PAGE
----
Student suspensions: The influence on students and their parents

Year: 1997

Author: Partington, Gary

Type of paper: Abstract refereed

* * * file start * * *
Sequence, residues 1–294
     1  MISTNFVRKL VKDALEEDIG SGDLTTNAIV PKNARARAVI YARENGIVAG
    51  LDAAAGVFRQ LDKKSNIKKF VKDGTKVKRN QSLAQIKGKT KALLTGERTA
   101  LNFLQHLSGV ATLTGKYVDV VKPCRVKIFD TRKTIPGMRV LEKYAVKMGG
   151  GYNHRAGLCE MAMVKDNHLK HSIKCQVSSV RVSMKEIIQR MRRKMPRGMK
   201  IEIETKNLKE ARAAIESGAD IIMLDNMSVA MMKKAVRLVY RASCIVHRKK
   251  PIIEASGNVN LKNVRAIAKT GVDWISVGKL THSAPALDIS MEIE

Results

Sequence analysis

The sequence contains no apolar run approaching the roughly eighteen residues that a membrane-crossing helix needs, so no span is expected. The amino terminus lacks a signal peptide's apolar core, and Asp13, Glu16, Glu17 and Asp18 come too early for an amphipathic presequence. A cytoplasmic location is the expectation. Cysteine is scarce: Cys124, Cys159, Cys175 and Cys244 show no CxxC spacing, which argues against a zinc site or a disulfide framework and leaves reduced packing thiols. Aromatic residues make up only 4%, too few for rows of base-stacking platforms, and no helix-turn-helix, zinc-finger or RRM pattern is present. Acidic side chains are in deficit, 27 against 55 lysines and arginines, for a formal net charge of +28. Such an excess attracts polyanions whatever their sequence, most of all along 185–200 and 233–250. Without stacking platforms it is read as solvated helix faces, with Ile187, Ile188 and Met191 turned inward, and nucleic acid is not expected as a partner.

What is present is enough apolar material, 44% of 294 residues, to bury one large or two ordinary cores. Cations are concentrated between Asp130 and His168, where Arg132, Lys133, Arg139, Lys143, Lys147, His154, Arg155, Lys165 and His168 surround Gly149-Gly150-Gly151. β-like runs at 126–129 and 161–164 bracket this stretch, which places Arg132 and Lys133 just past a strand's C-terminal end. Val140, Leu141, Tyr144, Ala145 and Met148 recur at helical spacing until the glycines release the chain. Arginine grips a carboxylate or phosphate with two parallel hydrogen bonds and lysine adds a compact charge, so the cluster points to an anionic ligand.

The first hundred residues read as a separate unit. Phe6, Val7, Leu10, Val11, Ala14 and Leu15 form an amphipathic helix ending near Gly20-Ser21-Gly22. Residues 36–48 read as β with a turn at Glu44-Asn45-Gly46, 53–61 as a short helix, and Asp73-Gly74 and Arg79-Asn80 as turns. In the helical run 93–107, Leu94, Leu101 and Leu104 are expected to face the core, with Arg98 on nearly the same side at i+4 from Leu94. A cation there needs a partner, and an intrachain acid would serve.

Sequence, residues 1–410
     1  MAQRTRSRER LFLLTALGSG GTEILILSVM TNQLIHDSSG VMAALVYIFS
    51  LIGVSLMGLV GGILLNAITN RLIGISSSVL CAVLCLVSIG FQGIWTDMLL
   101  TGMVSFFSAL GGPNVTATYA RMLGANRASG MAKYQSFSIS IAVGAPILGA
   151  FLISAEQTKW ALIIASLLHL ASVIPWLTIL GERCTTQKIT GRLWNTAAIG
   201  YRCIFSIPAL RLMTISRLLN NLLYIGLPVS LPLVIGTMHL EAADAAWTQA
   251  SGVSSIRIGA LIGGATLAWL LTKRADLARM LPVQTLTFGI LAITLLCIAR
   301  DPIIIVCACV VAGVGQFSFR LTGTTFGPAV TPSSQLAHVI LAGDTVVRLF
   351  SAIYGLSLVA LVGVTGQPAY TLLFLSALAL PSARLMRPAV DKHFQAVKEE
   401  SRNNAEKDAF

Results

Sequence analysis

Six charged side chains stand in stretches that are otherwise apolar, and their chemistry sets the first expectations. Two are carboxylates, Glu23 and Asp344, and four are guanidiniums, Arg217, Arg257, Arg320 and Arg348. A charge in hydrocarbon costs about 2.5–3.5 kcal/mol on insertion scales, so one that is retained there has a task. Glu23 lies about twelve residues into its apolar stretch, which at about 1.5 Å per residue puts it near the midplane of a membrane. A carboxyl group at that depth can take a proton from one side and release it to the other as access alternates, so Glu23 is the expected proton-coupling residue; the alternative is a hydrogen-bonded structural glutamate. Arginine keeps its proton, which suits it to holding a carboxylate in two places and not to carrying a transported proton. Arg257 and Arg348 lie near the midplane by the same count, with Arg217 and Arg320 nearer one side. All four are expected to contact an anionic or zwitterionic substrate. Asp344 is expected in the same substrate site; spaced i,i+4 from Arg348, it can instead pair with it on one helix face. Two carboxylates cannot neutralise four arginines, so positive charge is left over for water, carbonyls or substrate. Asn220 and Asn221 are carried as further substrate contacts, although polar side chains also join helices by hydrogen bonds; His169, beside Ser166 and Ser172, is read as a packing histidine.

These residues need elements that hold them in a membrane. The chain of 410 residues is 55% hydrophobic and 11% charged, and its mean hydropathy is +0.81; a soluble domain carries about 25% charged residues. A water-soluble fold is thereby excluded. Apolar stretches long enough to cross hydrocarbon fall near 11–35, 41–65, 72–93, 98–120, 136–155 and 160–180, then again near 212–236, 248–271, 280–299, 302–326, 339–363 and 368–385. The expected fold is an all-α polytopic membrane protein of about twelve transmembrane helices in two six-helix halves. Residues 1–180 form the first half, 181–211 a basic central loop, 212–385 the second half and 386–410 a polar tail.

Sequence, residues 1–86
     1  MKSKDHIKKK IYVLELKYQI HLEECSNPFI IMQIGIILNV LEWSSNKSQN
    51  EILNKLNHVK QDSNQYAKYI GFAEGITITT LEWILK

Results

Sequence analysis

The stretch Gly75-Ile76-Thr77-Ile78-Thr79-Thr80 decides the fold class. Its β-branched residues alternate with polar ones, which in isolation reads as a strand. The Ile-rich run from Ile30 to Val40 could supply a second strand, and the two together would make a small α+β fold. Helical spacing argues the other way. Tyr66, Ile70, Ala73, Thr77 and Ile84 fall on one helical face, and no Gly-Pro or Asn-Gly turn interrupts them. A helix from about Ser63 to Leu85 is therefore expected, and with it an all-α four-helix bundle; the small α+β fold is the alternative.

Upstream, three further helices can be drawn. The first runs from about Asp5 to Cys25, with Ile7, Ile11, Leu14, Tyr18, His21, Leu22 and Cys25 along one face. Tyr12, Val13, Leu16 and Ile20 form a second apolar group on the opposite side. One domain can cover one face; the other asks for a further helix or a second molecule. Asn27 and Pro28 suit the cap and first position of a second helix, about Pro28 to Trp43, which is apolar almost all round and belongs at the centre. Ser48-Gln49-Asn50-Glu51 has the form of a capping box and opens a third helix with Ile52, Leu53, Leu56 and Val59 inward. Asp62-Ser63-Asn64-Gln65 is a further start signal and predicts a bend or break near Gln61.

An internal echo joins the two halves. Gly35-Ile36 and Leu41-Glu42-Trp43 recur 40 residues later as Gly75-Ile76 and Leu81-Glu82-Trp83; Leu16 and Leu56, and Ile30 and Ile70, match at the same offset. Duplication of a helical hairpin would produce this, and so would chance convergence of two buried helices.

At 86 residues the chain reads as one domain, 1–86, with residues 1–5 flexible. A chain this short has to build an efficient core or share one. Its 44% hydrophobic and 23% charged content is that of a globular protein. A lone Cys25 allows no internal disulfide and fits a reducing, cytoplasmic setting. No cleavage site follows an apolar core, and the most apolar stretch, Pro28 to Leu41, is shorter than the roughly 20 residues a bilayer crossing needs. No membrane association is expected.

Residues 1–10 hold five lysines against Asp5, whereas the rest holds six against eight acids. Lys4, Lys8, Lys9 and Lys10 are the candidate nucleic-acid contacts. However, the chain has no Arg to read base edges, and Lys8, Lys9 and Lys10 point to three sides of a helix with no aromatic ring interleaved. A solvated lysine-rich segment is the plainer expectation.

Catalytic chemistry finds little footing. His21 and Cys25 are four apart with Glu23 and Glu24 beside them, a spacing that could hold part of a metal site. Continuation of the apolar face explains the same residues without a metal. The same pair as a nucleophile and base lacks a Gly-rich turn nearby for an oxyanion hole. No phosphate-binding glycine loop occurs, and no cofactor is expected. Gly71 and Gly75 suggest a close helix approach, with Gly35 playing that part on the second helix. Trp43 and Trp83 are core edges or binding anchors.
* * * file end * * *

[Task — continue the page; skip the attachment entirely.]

In this study, secondary school students in Years 8-10 who were suspended from school were interviewed during their suspension to obtain their views on the validity, efficacy and consequences of suspension as a strategy in behaviour management. Also, their parents were interviewed for their views on the effect of the suspension on the family and on the student. Students were penalised with periods of suspension from two to 10 days, and these suspensions were supposed to be spent in the care of the parents. The actual operation of these out-of-school suspensions depended upon the parents: in some cases students were allowed to roam free; in others they were grounded. The findings indicate mixed consequences of suspension depending upon the context in which it occurs and the characteristics of the student. The study suggests that student responses reflect the extent to which they accept the authority of the school, with more resistant students being less submissive. Their responses also relate to the perceptions of their caregivers, with more resistant students coming from families where the school is viewed negatively. Alternative strategies to suspension might be more effective for the target students as suspension did little to improve behaviour or performance.